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My pediatric medical home

Contemporary PEDS JournalVol 36 No 3
Volume 36
Issue 3

A pediatrician praises the pediatric medical home concept for improving his patient care and family satisfaction.

Dr Nunez with his medical home staff at RHMH

Figure 1

Medical Home flow chart

Figure 2

My experience working as a pediatrician in a pediatric medical home (PMH) is very positive. I have worked here since 2011, and I have been noticing great improvement in patient and family satisfaction.1-3

Our group is a hospital-based team comprised of 10 to 11 medical providers, including 2 pediatric nurse practitioners (PNPs), 4 to 5 registered nurses (RNs), 15 to 20 licensed practice nurses (LPNS), 2 to 3 medics, and 2 to 3 staff, and together we provide pediatric care to about 9700 patients.

We are divided in 2 groups named Outback and Safari-very cool names for a PMH. In an ideal PMH world, every provider should have 2 LPNs, but because of budget constraints and movements of personnel, every provider is working with at least 1 LPN. Every team has 2 RNs.

A typical day

Our day starts at 7:30 AM (for Richmond Hill Medical Home [RHMH]) with a group meeting aiming to plan and discuss the day ahead. Also at this meeting we could receive information and feedback from leadership. The meetings usually last no more than 10 minutes. No one sits during this meeting and we gather in a T-shaped hallway inside the clinic (Figure 1). The clinic chief or chief nurse chairs these meetings.

The first appointment starts at 7:40 AM and every encounter lasts 20 minutes. Sometimes we have longer encounter for patients with complex concerns/issues such as attention-deficit/hyperactivity disorder (ADHD), autism, behavior disorders, or complex pathologies that require sophisticated management.2-4

Daily workflow

One typical encounter (Figure 2) starts with the LPN greeting the patient and family in the waiting room and directing them into an examination room for taking vital signs, including measurements of growth parameters. Also, if the visit is for a well-child evaluation, then we provide the parents with appropriate questionnaires for development, autism screening, and depression screening. Screening for ADHD is provided per specific request or parental concerns. Then, the LPN asks medical questions regarding the specifics of the visit, including questions about past medical and family history, allergies, medications, and other issues relevant to the visit. All the information gathered is documented into the patient’s electronic medical record (EMR). After completing this section of the encounter, the LPN briefs the provider on the details.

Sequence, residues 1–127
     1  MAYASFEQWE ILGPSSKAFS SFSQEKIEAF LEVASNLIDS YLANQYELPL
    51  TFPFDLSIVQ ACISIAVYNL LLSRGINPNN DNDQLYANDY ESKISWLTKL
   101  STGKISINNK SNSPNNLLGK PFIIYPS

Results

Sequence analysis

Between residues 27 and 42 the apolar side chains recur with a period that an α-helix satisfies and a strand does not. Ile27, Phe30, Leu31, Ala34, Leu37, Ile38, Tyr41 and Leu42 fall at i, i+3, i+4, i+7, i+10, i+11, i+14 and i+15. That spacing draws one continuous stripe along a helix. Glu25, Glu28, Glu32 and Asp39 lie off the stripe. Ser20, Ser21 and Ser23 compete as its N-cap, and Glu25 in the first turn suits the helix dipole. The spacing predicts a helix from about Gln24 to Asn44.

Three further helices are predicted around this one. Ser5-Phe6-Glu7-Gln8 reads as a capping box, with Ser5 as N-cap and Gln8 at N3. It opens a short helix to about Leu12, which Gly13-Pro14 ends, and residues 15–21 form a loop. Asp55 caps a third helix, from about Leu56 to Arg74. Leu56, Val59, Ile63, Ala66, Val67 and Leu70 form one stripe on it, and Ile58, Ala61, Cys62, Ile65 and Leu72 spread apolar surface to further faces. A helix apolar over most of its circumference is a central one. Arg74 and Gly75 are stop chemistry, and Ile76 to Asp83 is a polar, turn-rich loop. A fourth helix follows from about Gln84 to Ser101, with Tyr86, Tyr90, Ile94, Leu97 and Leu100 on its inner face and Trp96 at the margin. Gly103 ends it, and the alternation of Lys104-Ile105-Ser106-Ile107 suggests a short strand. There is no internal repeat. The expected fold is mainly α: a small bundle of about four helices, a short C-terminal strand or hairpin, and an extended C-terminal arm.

Thereafter, the provider and the LPN walk into the examination room to meet and greet the patient and family and proceed to assess and evaluate the patient. The provider completes the encounter by asking further questions, performing a physical examination, and discussing with the patient and family the assessment and plans of management. Notably, the provider and the LPN will work this part of the encounter as a team, which allows better completion of the patient medical record and provides to the patient and family a written summary of the encounter including assessment, management, medication, education, and proper follow-up.

Our RNs also perform a triage assessment of the daily calls that improves access of care and greater utilization of same-day appointments, including proper triage of acute cases. Our RN attempts to return patient calls within 24 hours.

Model of care

Our daily work is divided into 2 categories: well-child visits and patients with clinical complaints. A patient or family can book an appointment for a well visit or for any clinical complaints with their primary care pediatrician well in advance. This booking can be online through a web-based program, by phone, or in person.

Moreover, in order to fill the demand for appointments for acute illness, there are always fixed appointments per pediatrician for acute illness (about 6 to 8 per provider per day). These slots are made available only by phone beginning at 6:30 AM on the day of the appointment.

Recent surveys showed that this model has increased patient satisfaction. For example:

1. Satisfaction with provider: improved from 84% to 93.4%.

2. Provider explained what was being done and why: improved from 86.7% to 94.3%.

3. Provider listened: improved from 81.6% to 92.7%.

In summary, my experience working as a pediatrician in a PMH has yielded great improvement in patient and family satisfaction.


1. Ziring PR, Brazdziunas D. Cooley WC, et al. American Academy of Pediatrics. Committee on Children with Disabilities. Care coordination: integrating health and related systems of care for children with special healthcare needs. Pediatrics.1999;104(4 pt 1):978-981.

2. Medical Home Initiatives for Children With Special Needs Project Advisory Committee; American Academy of Pediatrics. The medical home. Pediatrics. 2002;110(1 pt 1):184-186.

3. Turchi RM, Gatto M, Antonelli R. Children and youth with special healthcare needs: there is no place like (a medical) home. Curr Opin Pediatr. 2007;19(4):503-508.


4. Kan K, Choi H, Davis M. Immigrant families, children with special health care needs, and the medical home. Pediatrics. 2016;137(1):e20153221.

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